A Guide To Pre-Decimal Mintmarks

March 14, 2009

Australian Pre-decimal coins were minted in various locations here in Australia and overseas. To indicate where coins were minted they were often stamped with verifying marks such as letters or dots known as mintmarks. These letters or dots were always incorporated onto the dies and were struck with the coins. Some decimal coins have their mintmarks applied after striking. With some issues there were variances in the dies which were later used to determine which mint the dies originated but this is not necessarily their mint of origin.

Australia 1951PL Penny

Early George V obverse pre-decimals were struck at either London at the Heaton Mint in Birmingham or in India at the Calcutta Mint. The London struck coins had a tiny H below the bottom scroll on the reverse and the Indian coins have an I in the same position. In 1919 and 1920 Australian struck pennies were mintmarked with dots denoting their mint of origin. A dot below the bottom scroll indicated being struck at the Melbourne Mint or a dot above the bottom scroll indicating the Sydney Mint. From 1916 to 1921 for the threepence and sixpence, an M below the date on the obverse indicated being struck at the Melbourne Mint. Shillings (in 1915) and florins (1914 and 1915) with the Coat of Arms (George V) carried a H below the date on the reverse for the Heaton Mint or an M for the Melbourne Mint (1916-1919). Sydney minted shillings for 1921 only carried a star above the date.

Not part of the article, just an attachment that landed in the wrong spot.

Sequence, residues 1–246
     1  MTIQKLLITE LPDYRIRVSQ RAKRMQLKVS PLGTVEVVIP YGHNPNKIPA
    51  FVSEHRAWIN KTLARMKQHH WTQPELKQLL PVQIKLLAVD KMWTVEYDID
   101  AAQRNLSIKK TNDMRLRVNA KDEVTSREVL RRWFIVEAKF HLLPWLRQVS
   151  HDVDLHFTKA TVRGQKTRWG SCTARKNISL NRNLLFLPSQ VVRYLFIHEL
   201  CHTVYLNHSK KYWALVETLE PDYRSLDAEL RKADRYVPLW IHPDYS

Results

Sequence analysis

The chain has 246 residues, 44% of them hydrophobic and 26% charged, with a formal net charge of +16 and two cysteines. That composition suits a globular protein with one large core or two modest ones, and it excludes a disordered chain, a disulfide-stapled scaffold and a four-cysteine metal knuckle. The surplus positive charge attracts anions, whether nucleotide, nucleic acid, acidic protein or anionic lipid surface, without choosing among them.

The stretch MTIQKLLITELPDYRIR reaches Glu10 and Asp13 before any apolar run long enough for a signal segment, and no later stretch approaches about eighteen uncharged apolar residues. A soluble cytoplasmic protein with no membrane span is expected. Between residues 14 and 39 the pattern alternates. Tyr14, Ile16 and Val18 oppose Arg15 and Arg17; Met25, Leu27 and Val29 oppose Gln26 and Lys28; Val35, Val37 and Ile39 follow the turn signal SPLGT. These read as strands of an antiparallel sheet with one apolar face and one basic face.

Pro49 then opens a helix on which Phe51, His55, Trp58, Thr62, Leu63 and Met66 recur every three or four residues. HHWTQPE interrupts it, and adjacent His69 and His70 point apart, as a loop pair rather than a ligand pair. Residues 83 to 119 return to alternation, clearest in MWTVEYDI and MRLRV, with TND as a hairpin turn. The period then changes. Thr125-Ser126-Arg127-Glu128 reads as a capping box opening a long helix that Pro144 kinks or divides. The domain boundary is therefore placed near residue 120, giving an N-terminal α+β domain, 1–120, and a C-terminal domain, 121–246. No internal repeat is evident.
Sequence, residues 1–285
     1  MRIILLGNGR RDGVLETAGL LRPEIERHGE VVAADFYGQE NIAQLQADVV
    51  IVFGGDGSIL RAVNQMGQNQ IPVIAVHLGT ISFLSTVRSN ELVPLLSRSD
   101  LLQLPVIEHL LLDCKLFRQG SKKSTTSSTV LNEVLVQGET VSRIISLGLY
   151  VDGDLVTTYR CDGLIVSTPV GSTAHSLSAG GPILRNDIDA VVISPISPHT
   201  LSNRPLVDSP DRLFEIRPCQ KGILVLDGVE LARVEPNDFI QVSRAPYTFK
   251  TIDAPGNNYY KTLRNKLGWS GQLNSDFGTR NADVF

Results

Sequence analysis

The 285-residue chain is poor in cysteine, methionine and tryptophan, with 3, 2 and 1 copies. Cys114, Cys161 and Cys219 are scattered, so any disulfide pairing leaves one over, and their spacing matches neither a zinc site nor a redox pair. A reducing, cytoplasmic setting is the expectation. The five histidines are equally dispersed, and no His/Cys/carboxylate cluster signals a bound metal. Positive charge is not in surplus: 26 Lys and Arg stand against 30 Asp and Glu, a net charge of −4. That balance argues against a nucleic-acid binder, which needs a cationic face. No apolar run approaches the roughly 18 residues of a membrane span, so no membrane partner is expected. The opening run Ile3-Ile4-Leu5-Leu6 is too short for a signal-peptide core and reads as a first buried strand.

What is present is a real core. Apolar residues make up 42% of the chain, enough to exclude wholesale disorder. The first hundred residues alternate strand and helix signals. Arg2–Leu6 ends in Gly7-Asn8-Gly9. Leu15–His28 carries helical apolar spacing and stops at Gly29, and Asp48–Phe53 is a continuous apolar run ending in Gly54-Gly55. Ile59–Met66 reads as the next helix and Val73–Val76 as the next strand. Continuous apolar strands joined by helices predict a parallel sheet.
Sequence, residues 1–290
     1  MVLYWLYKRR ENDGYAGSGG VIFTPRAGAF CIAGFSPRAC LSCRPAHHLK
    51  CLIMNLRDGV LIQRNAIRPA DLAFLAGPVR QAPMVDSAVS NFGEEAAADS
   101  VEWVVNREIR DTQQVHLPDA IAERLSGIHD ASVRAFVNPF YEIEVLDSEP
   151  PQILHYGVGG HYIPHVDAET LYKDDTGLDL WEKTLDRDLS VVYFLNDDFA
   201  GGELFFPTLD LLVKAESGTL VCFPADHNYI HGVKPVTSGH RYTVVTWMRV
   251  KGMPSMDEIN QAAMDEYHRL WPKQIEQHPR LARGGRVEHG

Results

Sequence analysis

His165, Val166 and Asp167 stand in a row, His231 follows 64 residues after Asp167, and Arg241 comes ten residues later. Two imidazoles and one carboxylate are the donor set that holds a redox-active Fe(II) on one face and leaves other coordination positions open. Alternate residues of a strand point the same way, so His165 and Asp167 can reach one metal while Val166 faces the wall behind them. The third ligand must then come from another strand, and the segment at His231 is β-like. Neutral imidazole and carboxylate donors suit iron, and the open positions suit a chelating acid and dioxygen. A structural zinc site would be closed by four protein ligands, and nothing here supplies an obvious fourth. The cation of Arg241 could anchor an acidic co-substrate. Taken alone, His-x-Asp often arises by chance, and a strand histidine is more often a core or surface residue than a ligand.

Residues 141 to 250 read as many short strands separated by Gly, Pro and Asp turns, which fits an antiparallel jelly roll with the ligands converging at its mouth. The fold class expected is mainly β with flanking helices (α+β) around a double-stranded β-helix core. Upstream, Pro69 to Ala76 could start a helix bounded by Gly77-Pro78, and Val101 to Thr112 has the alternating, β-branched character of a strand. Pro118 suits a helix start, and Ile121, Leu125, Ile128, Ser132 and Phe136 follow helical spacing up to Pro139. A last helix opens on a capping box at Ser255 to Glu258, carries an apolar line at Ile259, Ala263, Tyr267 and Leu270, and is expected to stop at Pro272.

The iconic kangaroo reverse of the halfpenny and penny shows us a dot after the Y of penny or a dot after the last A in Australia was for the Perth Mint. A PL after the Y indicates London Mint. An I mintmark on the obverse indicates India. On the penny designed by George Kruger Gray a dot between his initials K.G indicated the Perth Mint.

The wheat stalk reverse design of the George VII threepence showed either S, D or PL mintmarks. A clear S or D can be seen after the last E of threepence indicating S for San Francisco Mint or D for Denver Mint. For London minted coins a separated P and L can be seen either side of the base of the wheat seeds at the curve of the ribbon.

The sixpence with the George VII obverse displayed letters above the date. These were either S for San Francisco, D for Denver or PL for the Royal Mint in London.

Australia 1943 S Shilling

The ram reverse design shillings denoted an S mintmark above the N of shilling for the San Francisco Mint. A dot after the star and before the S of the word shilling indicated the Perth Mint. .

The Florins of George VII showed only one mintmark and this was a tiny S above the centre of the date indicating the San Francisco Mint.

Posted by harrisk at March 14, 2009 10:15 AM
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